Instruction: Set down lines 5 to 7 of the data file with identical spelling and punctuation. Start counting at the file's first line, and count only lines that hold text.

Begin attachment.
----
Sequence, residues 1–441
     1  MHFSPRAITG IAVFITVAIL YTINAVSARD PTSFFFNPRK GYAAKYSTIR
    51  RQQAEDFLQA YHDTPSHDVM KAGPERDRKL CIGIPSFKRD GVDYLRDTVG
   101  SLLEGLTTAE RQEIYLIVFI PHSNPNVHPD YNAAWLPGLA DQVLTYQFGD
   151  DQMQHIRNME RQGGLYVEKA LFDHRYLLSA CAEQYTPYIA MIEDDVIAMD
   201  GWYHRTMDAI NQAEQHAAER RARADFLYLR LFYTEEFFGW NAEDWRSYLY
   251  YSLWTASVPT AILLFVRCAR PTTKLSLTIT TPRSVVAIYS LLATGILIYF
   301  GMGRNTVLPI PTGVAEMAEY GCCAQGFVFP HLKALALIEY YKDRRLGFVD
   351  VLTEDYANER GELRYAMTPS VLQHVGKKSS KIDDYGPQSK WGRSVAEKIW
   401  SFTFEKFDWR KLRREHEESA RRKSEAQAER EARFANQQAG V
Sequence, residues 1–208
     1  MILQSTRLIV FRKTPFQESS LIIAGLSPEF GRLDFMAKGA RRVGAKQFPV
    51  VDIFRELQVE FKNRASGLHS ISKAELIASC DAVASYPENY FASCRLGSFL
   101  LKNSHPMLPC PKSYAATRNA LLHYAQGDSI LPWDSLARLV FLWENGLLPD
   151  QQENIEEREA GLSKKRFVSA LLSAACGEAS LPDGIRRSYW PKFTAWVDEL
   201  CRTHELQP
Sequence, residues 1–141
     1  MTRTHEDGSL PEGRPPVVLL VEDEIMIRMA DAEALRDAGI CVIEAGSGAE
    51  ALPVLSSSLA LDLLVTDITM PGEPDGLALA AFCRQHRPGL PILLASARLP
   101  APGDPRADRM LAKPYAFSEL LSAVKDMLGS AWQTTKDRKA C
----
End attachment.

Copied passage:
   151  DQMQHIRNME RQGGLYVEKA LFDHRYLLSA CAEQYTPYIA MIEDDVIAMD
   201  GWYHRTMDAI NQAEQHAAER RARADFLYLR LFYTEEFFGW NAEDWRSYLY
   251  YSLWTASVPT AILLFVRCAR PTTKLSLTIT TPRSVVAIYS LLATGILIYF